], and in the mouse a prominent REM rebound was evident after deprivations as short as 6 hours [7
]. In the pigeon, both 24 hours and long-term sleep deprivation (several days) resulted in a pronounced REM rebound, suggesting that REM is homeostatically regulated in the bird [31
]. Thus, the lack of REM rebound in our study is likely a consequence of the short duration of the deprivation period, rather than a reflection of a lack of homeostatic regulation of REM sleep in this species.
The latency to the first episode of drowsiness decreased significantly during the recovery sleep period, and a trend toward a decrease in the latency to SWS was also observed. The decreased latency to drowsiness is perhaps not surprising given that drowsiness appears to represent a form of vigilant sleep and undoubtedly fulfills some of the requirements of sleep. Although sleep pressure may have been higher following the deprivation, the stress of having a predator (human) in the room for six hours may have induced a conflict between the need for continued vigilance and the need for sleep, and led to an immediate attempt to reduce sleep pressure through means other than frank sleep. Indeed, a previous report of migratory sleeplessness in the white-crowned sparrow indicated that although NREM sleep was reduced considerably during the migratory period, drowsiness was increased significantly, suggesting that drowsiness is capable of dissipating at least some level of sleep need [25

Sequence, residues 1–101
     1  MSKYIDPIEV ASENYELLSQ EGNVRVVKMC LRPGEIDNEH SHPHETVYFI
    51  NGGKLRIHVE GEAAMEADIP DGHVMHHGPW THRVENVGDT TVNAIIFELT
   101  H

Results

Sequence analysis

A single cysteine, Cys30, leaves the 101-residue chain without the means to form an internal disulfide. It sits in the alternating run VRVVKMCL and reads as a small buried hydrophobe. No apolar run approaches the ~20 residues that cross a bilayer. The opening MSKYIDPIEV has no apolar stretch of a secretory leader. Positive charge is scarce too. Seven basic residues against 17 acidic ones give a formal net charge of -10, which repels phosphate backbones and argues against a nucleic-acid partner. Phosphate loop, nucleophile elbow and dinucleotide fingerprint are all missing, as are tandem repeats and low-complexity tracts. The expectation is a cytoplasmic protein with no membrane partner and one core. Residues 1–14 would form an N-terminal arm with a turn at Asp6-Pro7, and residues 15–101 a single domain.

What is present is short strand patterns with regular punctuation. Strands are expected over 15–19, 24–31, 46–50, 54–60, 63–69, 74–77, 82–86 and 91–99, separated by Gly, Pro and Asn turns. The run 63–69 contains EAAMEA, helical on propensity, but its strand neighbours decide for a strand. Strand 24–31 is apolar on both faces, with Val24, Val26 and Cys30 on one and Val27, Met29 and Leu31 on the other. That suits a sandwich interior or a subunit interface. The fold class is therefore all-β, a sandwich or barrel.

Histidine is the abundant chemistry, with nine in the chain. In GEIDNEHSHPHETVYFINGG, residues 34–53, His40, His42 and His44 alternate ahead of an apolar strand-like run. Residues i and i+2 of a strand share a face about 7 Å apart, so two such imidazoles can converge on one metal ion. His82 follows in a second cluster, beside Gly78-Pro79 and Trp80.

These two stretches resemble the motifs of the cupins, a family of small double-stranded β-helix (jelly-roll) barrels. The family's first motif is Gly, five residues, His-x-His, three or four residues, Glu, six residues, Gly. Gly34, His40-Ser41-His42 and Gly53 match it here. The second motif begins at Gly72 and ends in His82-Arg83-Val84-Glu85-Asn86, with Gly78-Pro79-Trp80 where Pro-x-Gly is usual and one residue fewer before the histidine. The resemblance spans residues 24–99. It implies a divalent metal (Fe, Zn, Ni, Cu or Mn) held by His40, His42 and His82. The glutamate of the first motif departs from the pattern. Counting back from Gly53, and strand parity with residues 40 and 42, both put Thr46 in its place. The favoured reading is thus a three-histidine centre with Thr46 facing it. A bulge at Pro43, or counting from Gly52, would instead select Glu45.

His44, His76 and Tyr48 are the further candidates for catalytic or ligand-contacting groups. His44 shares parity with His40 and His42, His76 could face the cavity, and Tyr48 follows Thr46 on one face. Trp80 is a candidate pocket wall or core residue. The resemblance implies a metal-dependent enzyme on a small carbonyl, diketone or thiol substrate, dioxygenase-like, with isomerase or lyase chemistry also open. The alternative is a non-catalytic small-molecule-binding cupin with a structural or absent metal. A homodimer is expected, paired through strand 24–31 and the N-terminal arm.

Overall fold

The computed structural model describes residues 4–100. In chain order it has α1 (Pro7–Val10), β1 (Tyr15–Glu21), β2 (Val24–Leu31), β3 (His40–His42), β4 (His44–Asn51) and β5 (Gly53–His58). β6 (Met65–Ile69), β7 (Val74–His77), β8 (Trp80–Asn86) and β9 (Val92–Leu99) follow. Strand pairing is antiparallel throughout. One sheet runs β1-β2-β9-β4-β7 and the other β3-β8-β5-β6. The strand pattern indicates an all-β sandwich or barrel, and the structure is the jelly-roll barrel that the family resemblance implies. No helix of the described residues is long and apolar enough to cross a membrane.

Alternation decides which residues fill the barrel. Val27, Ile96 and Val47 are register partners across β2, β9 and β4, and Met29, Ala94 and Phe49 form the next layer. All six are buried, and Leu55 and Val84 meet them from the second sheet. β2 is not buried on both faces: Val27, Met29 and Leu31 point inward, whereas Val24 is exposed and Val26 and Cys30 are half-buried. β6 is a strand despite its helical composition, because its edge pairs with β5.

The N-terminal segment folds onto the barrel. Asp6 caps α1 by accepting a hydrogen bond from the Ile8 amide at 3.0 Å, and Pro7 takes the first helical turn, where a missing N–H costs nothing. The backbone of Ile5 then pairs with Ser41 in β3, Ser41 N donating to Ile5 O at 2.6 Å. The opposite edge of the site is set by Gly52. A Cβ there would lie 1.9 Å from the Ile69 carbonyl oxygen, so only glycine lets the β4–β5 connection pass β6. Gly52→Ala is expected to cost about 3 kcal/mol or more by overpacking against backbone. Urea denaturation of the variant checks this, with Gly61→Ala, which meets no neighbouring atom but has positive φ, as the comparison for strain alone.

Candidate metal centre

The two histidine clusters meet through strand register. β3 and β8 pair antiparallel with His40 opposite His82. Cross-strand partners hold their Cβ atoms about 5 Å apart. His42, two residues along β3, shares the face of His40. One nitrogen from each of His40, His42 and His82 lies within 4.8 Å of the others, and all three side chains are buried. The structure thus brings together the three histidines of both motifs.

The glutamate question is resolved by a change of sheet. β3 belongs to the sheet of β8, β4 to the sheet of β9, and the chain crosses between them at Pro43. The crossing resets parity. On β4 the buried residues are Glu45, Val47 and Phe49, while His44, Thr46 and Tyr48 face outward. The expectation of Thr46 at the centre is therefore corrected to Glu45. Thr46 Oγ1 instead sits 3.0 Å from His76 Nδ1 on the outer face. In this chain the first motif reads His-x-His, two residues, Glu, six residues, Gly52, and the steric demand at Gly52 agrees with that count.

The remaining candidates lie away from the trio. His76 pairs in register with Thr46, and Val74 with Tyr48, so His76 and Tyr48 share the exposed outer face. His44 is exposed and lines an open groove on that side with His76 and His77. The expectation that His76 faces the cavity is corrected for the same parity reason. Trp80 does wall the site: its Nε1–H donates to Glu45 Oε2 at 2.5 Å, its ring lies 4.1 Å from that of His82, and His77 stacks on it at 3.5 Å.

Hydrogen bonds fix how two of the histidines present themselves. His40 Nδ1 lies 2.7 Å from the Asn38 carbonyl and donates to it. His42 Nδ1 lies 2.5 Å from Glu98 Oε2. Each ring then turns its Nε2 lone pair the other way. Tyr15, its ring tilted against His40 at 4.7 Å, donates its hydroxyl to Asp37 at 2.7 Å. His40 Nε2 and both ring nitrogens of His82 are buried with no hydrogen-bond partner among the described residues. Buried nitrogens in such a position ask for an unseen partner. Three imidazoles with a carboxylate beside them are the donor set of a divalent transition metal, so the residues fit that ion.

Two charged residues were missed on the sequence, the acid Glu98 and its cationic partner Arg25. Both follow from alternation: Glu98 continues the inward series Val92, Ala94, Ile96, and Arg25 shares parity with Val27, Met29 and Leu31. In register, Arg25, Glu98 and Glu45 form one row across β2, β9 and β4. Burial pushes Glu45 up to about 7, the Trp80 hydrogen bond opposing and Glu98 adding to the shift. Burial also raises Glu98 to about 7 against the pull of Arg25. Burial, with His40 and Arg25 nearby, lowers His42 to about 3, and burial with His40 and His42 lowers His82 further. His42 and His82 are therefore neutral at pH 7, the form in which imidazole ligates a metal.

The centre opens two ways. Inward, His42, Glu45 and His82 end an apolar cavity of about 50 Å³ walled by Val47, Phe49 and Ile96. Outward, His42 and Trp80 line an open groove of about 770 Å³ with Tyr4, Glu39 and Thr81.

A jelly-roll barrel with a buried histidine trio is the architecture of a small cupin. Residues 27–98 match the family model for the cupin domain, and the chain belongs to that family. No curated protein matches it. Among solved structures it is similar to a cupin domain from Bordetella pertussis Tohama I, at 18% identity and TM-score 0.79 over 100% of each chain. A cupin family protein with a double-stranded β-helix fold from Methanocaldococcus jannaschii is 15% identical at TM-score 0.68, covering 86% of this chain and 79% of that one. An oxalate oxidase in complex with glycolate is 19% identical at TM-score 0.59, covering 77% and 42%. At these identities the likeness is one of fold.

Spectral analysis of the EEG following sleep deprivation also revealed changes in the SWA consistent with results described in mammals. Specifically, relative to baseline, SWA during recovery sleep reached significantly higher values in both SWS and NREM sleep in the first hour after sleep onset. SWA in drowsiness also significantly increased in the first 20 to 40 minutes after sleep onset. Finally, peak SWA in both SWS and NREM sleep during the first 2 hours after sleep onset reached significantly higher levels during recovery relative to baseline, indicating that at the beginning of baseline night SWA values were still below saturation. Interestingly, as in mammals, the first 2 hours of recovery sleep in sparrows were characterized by large increases in EEG power not only in the low frequency range, but also across most frequencies in the 10 to 20 Hz range. These changes in the high frequency range declined in the second 2-hour interval and disappeared entirely by the sixth hour of recovery sleep, and their origin and physiological significance remain unclear. It has recently been suggested, however, that prolonged wakefulness results in stronger cortico-cortical connections, which in turn would drive greater neuronal synchronization during sleep, leading to increased EEG power across all frequencies [17